The manuscript itself isn’t the only thing to have organized in your workspace: Scrivener is also a wonderful place to keep any research, inspirational photos, miscellaneous project notes, or revision notes you’ve accumulated along the way. Any given Scrivener workspace of mine includes the following:
➳ Brainstorming. You can make a whole folder, or just a single file, for any brainstorming you need to do. That way, you can keep related ideas all in one place.
➳ Images. You can organize any inspirational images you need—screenshots or photos of your characters/settings/etc, reference diagrams, maps, etc—and then use the split-screen* function to keep the file open while you’re working on a particular scene.
➳ Research. Likewise, if you’ve done some research, you can either copy/paste the most pertinent info into files (and label them accordingly), or you can import the web page itself. (File > Import > Web Page)** Split screen is also helpful here—open your research in one half, and the scene in the other. Then, you won’t have to toggle between them constantly.
➳ Cut scenes. I have a whole folder of things I’ve cut, but am not sure I’m completely ready to trash. Organizing them into a folder, and neatly labeling what they are/where I pulled them from, is helpful later on if I decide I need to work the information back in somewhere.
➳ Old drafts. I make a folder for each draft along the way and put everything in it—that version of the manuscript, along with all revision notes and to-do lists. That way I have a record of every draft I’ve completed, but can keep my workspace clean and organized. (I use Word whenever I send drafts to readers/my agents, and I sometimes do last-minute tweaking there for typos and other small things. For that reason, I always copy/paste my most recent Word file into Scrivener, then divide/organize it to turn it into the next working draft.)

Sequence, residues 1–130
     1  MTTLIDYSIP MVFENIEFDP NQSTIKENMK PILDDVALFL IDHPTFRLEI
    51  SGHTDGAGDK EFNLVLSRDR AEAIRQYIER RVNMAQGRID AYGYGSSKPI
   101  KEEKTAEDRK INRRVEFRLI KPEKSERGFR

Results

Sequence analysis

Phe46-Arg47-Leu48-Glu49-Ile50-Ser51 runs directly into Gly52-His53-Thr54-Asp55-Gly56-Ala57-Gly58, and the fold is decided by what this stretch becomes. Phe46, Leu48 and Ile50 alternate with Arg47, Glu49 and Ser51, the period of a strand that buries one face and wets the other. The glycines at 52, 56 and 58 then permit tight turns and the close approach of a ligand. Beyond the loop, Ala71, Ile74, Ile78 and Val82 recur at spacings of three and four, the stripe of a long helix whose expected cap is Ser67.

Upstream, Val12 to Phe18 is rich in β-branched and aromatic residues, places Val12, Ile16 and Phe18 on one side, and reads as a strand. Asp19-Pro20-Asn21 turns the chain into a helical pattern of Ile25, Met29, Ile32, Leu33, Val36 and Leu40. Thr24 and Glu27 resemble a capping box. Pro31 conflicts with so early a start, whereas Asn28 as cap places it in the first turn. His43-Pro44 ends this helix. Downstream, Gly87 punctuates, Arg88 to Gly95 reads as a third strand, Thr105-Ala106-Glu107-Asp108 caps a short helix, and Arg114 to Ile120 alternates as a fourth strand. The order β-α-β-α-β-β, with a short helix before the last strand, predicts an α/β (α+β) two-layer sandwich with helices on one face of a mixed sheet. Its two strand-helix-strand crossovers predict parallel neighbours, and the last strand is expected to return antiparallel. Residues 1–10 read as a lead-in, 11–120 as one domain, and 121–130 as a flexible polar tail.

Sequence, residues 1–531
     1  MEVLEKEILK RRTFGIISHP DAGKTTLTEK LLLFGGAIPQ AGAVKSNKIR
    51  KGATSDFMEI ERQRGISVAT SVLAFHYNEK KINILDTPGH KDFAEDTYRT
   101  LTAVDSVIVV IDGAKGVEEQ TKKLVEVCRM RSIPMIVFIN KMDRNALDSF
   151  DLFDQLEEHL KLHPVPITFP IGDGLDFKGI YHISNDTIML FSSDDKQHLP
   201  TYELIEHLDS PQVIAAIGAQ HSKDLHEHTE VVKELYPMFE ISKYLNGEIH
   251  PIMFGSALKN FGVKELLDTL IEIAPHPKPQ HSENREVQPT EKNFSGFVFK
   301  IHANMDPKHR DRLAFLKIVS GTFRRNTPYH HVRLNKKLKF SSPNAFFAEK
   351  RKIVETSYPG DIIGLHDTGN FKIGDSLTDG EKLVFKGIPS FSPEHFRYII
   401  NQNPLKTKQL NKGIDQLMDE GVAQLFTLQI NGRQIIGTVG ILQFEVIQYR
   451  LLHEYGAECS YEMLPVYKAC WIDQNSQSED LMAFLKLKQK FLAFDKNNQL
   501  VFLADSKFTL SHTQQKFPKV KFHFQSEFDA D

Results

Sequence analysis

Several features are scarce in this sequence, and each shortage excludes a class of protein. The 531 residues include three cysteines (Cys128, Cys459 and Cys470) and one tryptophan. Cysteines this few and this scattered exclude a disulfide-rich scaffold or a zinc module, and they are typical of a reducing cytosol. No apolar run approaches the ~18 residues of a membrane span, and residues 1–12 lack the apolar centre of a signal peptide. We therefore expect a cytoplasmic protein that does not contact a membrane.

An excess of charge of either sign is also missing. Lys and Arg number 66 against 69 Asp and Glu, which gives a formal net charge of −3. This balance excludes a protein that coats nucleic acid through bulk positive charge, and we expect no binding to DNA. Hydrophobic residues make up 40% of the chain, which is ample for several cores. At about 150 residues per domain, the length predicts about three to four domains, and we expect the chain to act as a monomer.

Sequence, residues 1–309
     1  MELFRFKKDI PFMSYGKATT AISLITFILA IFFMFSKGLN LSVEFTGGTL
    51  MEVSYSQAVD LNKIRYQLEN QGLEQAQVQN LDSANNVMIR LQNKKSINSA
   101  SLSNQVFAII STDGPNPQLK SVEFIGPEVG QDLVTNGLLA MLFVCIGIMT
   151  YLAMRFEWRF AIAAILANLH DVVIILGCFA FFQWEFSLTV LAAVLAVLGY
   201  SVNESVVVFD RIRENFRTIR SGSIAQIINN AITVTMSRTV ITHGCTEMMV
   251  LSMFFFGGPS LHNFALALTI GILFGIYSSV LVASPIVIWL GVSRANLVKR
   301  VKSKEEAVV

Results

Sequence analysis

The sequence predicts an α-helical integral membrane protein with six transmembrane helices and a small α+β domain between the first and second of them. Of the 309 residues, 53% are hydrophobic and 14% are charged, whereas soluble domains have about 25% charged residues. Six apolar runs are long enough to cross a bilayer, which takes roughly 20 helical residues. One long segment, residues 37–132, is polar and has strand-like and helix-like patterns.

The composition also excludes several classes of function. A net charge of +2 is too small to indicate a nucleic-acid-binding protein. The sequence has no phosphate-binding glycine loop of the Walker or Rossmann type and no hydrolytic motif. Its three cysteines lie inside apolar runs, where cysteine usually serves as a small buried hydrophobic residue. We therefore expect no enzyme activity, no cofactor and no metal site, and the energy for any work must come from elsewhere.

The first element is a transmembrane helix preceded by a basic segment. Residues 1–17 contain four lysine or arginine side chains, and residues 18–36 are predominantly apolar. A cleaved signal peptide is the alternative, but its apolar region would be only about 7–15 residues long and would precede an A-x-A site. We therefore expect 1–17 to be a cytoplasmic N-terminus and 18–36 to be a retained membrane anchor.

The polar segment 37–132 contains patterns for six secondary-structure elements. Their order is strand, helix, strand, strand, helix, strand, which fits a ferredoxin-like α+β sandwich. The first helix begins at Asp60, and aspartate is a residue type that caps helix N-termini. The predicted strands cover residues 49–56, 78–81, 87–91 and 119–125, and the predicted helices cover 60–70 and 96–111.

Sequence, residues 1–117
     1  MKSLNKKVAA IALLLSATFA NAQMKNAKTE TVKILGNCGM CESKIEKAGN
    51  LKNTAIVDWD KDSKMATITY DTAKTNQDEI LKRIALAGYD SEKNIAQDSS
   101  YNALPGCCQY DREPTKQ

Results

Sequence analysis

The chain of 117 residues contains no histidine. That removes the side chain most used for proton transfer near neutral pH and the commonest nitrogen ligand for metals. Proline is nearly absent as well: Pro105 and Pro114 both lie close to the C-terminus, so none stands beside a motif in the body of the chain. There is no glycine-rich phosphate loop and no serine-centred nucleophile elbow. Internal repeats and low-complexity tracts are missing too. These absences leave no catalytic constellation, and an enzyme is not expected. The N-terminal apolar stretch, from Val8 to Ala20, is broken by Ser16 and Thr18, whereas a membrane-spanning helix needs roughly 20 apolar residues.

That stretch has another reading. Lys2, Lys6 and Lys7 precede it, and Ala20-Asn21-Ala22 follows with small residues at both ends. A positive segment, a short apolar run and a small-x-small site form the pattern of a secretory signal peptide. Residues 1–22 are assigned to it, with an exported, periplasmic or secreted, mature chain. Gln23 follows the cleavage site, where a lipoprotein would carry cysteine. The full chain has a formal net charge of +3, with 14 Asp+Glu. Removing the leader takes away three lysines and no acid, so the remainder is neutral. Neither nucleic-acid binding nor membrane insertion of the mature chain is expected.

➳ Follow-up lists. As I revise, I’ll sometimes make notes to myself—”Does chapter blah blah feel too draggy? Re-read!” or “I changed Evan’s name to Connor—do a sweep through the manuscript to make sure I caught every instance of this!” If I track everything I’m even slightly concerned about, all in one place, I can trust that my end result will be thorough and clean. (And that I can really trust myself when I’ve marked something as green/good-to-go.)
➳ Revision notes. Every draft has a dedicated folder for any feedback I’ve received. I make a separate file for each set of notes, whether they are notes I wrote for myself or notes I’ve received from my beta readers. I use purple to color-code all revision/feedback files, and title them clearly (AMANDA EMAIL / ALISON CHAT / JASMINE NOTES).
Next up in the series: how I use all of this to actually revise.
For the other posts in this series, check out the ‘series map’ links, above. For more information about downloading the Scrivener software itself, go here. This is not a sponsored series of posts—I simply love the product and hope to help others get as much out of it as I have.
*More information on this term in the CHEAT SHEET post
**I am only familiar with the Mac version of Scrivener—I’ve heard there are some differences between the Mac and PC versions. If you’re working with the PC version, you might have to do a bit of digging to figure out the PC equivalent of these Mac shortcuts.